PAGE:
FWP’s Mike Korn says the elk issue is just one of many challenges faced by the livestock industry: tougher economic conditions, more involvement in land management by a broader spectrum of the public, more scrutiny of how allotment permittees use the range. “Used to be, ranchers and land management agencies were the only participants in how the land was used. But the situation has changed, and more people are demanding a say in the management of public land. Ranchers are struggling with swings in the economy and feeling as though their way of life is under assault. At the same time, the public is saying, this is public land where I recreate, and there are things of intrinsic worth there that I value.”
One source of contention in the Elkhorns is the size of the elk population. Livestock producers have long held that there are too many elk in the area, while hunters are of course happy to see the elk population thrive. The current management plan calls for elk populations to be in the range of 1,800 to 2,200. The February 2003 FWP aerial survey put the number at about 1,485 elk, down from 1,706 last year. (The population hit its peak of about 2,893 animals in 1996.) Distrusting FWP’s count as too low, members of a local agricultural organization (some members of which are also members of the Elkhorn Working Group) hired a helicopter and an independent biologist, and conducted their own survey. They counted 1,239 elk, fewer than the official FWP count.
In southeast Montana, near Pompey’s Pillar, in a hilly area called Pine Ridge, the dining habits of elk are also causing problems, but of a different sort than in the Elkhorns. Here, during crop season, elk are moving down from the uplands to irrigated fields of corn and alfalfa, eating and trampling their way through the farmers’ profits.
Steve Sian, who grows corn and beets, told the Billings Gazette that average damage to his corn is 10 to 20 percent, about $8,000 worth. One observer said that in aerial photos, the damage to cultivated fields looks like the alien crop markings in the Mel Gibson movie “Signs.”
Although Captain William Clark reported seeing elk in this country during the Corps of Discovery expedition, the species was effectively eliminated as the land was settled. Elk were brought from Yellowstone National Park in the early 1950s, the population rebounded, and they now number an estimated 600 to 650 head. FWP has increased the number of hunting permits in response to the growth of the herd and the increased damage complaints.
Sian told the Gazette, “I do let a lot of hunters in … Around me I have neighbors who limit hunters, don’t allow hunting or whose places are outfitted or leased.” Another landowner, Rod McCloy, said, “It’s hard to let Joe Public hunt without being guided” because they shoot too close to his cows. The state has obtained hunting access on some properties through its Block Management program, but the landowners report that the savvy elk disappear from the land during hunting season.
Last fall, FWP tried scaring the elk with noisy propane guns and hazing them with aircraft and a herder, but the elk had found superb habitat in the cornfields and were not about to leave. When the agency used a helicopter to herd elk out into the open and shot several of them (including trophy animals), landowners objected, and hunters said they should have been given the opportunity to take those animals.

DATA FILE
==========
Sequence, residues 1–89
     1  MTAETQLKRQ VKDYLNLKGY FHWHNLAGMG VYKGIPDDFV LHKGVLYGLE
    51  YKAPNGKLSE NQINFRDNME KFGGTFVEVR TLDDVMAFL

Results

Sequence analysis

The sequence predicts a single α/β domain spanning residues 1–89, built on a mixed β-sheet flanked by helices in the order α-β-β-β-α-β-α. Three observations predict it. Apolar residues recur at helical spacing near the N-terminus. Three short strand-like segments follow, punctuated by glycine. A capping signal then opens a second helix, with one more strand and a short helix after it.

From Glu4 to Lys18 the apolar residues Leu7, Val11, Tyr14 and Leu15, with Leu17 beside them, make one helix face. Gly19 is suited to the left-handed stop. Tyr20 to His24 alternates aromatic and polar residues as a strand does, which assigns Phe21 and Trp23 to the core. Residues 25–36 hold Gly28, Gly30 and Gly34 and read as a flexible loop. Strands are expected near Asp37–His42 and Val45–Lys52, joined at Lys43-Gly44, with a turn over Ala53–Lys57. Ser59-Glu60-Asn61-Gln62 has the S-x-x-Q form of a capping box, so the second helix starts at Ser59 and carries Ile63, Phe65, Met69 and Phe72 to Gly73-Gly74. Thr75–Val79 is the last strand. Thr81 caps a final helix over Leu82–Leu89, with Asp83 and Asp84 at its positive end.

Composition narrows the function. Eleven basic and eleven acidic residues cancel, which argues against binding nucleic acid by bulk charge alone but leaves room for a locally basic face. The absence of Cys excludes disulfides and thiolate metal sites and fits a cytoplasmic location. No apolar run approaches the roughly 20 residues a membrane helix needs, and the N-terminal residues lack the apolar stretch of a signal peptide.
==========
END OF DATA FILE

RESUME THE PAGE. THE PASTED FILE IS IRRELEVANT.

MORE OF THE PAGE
FWP brought the stakeholders in the Pine Ridge elk controversy together into a working group – the Pine Ridge Elk Working Group—to seek solutions. After several monthly meetings without any progress, however, the group agreed to “take a breath.” In September 2002, FWP hired Cossitt Consulting to survey group members and conduct one-on-one conversations to draw out the key issues and then recommend how to proceed. Among other findings, the consultant reported that:
Stakeholders had also considered fencing, moving the elk, and enhancing habitat to draw the elk away from croplands – all strategies that would be expensive and complicated to implement without assurance of success.
Importantly, the consultant found that the matter had become very personal for many people. Some of the respondents like the elk and even feed them in the winter, and some don’t want to see any elk killed for any reason. Others view the elk as their own commodity to hunt or otherwise use as they wish. One person who moved to the area from the East Coast takes the position that it’s his land and no one has the right to hunt on it. The consultant reported that some landowners found themselves unable to trust that what their neighbors told them was true.
The main conclusion of the study was that stakeholders were too far apart on the question of managing the herd to formulate an overarching vision or adopt specific goals. With that understanding, the Pine Ridge Elk Working Group decided to meet again, to explore smaller-scale solutions to individual damage problems.
In May 2003, FWP began preparing for another season of elk damage at Pine Ridge. The agency used means such as herding and issued kill permits to control elk damage. Expensive and labor intensive, these measures did limit damage and avoided the killing of antlered bull elk. Because the herd will continue to grow, however, the problem was not solved and will only increase in the future.
The consultant who surveyed the Pine Ridge stakeholders reported that: “One respondent specifically discussed the carrying capacity of the land to support a growing herd and the social carrying capacity, described as the capacity of landowners to accommodate elk on their property. Social carrying capacity varies from landowner to landowner, but responding to a growing herd size and related issues often requires a collective carrying capacity, e.g., agreement among landowners on how to address the issues.”
At a subsequent meeting of the working group, someone asked, “Why doesn’t FWP just determine the carrying capacity?” FWP’s Regional Supervisor Harvey Nyberg and FWP Commission Chair Dan Walker explained that carrying capacity depends on the physical capability of the land as well as the values and sentiments of the landowners. There is no simple formula for carrying capacity that addresses both the physical and social aspects of the issue.
This vignette was completed in October 2003.